The Classical Greek polymath Plato wrote The Symposium between 385 and 380 B.C. It's a philosophical dialogue, which examines the many-faceted nature of love.
In Ancient Greece, a symposium was literally a drinking party that included philosophical discussion (don't all good drinking parties?)
At this particular party, which takes place in the home of Agathon, the notion of love is discussed by seven men: Phaedrus, Pausanias, Eryximachus, Aristophanes, Agathon, Socrates and Alcibiades.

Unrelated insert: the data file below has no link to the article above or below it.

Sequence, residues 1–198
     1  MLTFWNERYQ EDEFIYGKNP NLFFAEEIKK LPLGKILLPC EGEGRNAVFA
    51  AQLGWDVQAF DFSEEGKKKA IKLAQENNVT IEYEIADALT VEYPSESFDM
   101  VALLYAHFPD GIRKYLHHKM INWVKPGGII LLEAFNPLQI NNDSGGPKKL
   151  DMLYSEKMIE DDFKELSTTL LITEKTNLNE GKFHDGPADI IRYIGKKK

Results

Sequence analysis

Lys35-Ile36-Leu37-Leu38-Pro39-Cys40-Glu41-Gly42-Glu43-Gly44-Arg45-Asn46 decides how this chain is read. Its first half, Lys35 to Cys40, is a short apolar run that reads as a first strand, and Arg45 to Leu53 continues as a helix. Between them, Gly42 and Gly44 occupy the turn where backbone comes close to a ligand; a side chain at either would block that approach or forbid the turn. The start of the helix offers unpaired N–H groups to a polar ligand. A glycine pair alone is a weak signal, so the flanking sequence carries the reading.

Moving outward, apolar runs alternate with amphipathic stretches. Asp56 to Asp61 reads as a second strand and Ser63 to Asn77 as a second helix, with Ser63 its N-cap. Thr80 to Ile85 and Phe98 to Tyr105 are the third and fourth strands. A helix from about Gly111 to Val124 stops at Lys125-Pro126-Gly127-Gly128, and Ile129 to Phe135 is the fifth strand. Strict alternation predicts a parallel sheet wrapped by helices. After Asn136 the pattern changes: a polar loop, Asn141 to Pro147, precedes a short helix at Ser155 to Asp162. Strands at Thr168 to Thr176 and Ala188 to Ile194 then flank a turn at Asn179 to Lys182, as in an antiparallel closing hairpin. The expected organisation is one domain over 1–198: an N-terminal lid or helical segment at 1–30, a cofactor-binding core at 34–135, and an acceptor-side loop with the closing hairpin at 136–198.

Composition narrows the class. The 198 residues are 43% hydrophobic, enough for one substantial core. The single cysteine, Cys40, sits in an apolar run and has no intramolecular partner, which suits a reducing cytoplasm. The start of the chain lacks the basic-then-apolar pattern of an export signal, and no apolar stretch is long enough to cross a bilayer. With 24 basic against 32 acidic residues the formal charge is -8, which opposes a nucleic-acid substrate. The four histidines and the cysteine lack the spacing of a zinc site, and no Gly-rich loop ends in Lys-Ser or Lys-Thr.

In turn, each participant must offer a encomium (a speech of praise) to Eros or love. It is understood that the actual symposium took place in 416 B.C., in celebration of Agathon’s victory in the Dionysia (a dramatic competition). Plato, who apparently heard about the dialogue fourth-hand, combines his own written narrative with the speeches made at the symposium.